By Syed M. Aslam
Dec 23 - 29, 2002

JAMIL JANJUA is the Chief Executive Officer of TCS, one of the pioneers and a major courier service operator in Pakistan. His career itinerary comprise a solid aviation background dating back to 1967 when he joined the then newly established Training Academy of the national flag carrier PIA. He became a commercial pilot in 1969 and clocked 5,000 plus flying hours piloting Boeing 707, Fokker and Twin Otter aircraft and co-piloting Boeing 747 for the national flag carrier PIA between 1969 to 1981. After being grounded by the airline on medical grounds, Janjua then 33, year young utilized the time to his upgrade organizational and management skills completing a number of courses in the US, UK and elsewhere. He joined TCS in 1986 as Operation Manager and moved up to become its Chief Operating Officer only to get release from it in 1996 and joined British Council Karachi a few months later in 1997 and remained associated with it till 2001. He helped set-up Management Development Centre for the Council. He was offered to re-join TCS and joined it once again as Chief Operating Officer in May 2001 and was made its CEO about six months later.

PAGE: What has been the impact of the courier service on the business and corporate sector in Pakistan?

JAMIL JANJUA: It has helped expedite the flow of communication be it personal, business or corporate and in the process has helped improve the economy by providing an efficient, reliable, dependable choice to people in a country reeling from a postal service which was in complete disarray. It has helped the business and corporate sector as well as the banks and financial institutions to ensure timely delivery and pick-up of trade documents, cheques, LCs, samples and a whole range of other documents and parcels, both within and outside the country to expedite decision-making.

PAGE: Has it also helped improved the postal services?

JAMIL JANJUA: TCS started its operations in Pakistan in 1983 primarily as a sister company of DHL to help manage its local operations. Though TCS parted ways with the DHL soon afterwards and while the two are different entitles at present, the emergence of the courier service operators has brought in a healthy competition to helped Pakistan Post Office improve its services. The absence of competition prior to the emergence of courier operators resulted in slackened performance of the Post Office to a point where it had lost almost all its credibility. Today the Post Office is aware of the growing demand for quality service and has also taken many measures to better its service.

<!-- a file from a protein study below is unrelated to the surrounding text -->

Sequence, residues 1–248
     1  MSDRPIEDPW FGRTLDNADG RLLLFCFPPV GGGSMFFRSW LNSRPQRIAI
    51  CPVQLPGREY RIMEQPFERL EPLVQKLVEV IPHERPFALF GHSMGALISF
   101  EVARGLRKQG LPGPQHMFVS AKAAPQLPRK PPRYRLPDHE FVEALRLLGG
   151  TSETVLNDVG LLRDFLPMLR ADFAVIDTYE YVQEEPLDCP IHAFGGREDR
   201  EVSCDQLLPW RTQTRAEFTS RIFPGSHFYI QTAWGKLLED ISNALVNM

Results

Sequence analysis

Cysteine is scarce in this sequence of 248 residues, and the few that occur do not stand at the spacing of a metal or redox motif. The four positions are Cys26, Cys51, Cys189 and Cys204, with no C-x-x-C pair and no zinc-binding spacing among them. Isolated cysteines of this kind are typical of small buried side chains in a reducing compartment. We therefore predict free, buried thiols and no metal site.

PAGE: What's the volume of courier traffic in Pakistan?

JAMIL JANJUA: On an average the TCS alone is handling some 100,000 pieces of shipments/deliveries everyday within the country and since its enjoying about 60 per of the market share the total flow of courier traffic in the country is estimated at over 200,000 pieces. Besides numerous small operators whose business is restricted to services within a certain city or just to a few cities there are about a dozen major operators serving the local market. The international courier traffic from Pakistan is estimated at around 1,500 pieces per day, about one-fifth of which is shared by the TCS. We have affiliation with such giants as DHL and Fedex in the US, OCS in Japan, TNT in the UK and Aramex in the Middle East to provide our customers with the best possible service.

PAGE: The Pakistan Postal Service floated a warning against using courier service in the print media earlier this year. Tell us about it.

JAMIL JANJUA: The postal service here are still governed by an antiquated Post Office Act of 1898 which stipulates that picking up the mail was the sole prerogative of the Post Office. The law has been changed in the UK itself. An important aspect of the antiquated law is that it fails to provide and adequate definition of 'letter.' The courier operators in Pakistan are not picking up 'letters' in the first place- they are picking up documents as mentioned on forms filled by the people. In any case, in the changed world of today the law should be made realistic. Instead of threatening the people by initiating an action for using a courier service, the Post Office should work with courier operators as a partner and upgrade its services. Certainly, courier delivery costs more than that charged by the post office but it does offer value for money, they charge premium price for premium service.

PAGE: Has anyone challenged the action taken by the Post Office?

JAMIL JANJUA: Helpline Trust, a consumer protection advocacy group was the first to challenge the measure resorted to by the Pakistan Post Office. It argues that the move not only undermines consumer rights but is also not conducive for business. In addition, a number of courier operators including TCS has filed suits in the Sindh High Court, both in individual as well as collective capacities.

PAGE: What has been the impact of internet on the courier business?

JAMIL JANJUA: It has certainly taken away a substantial volume of business from the courier copies due primary to reduction in flow of hard copies. However, the internet has also created new markets as merchandise and goods bought on-line are delivered by the couriers. The negative impact has thus been neutralised by the positive.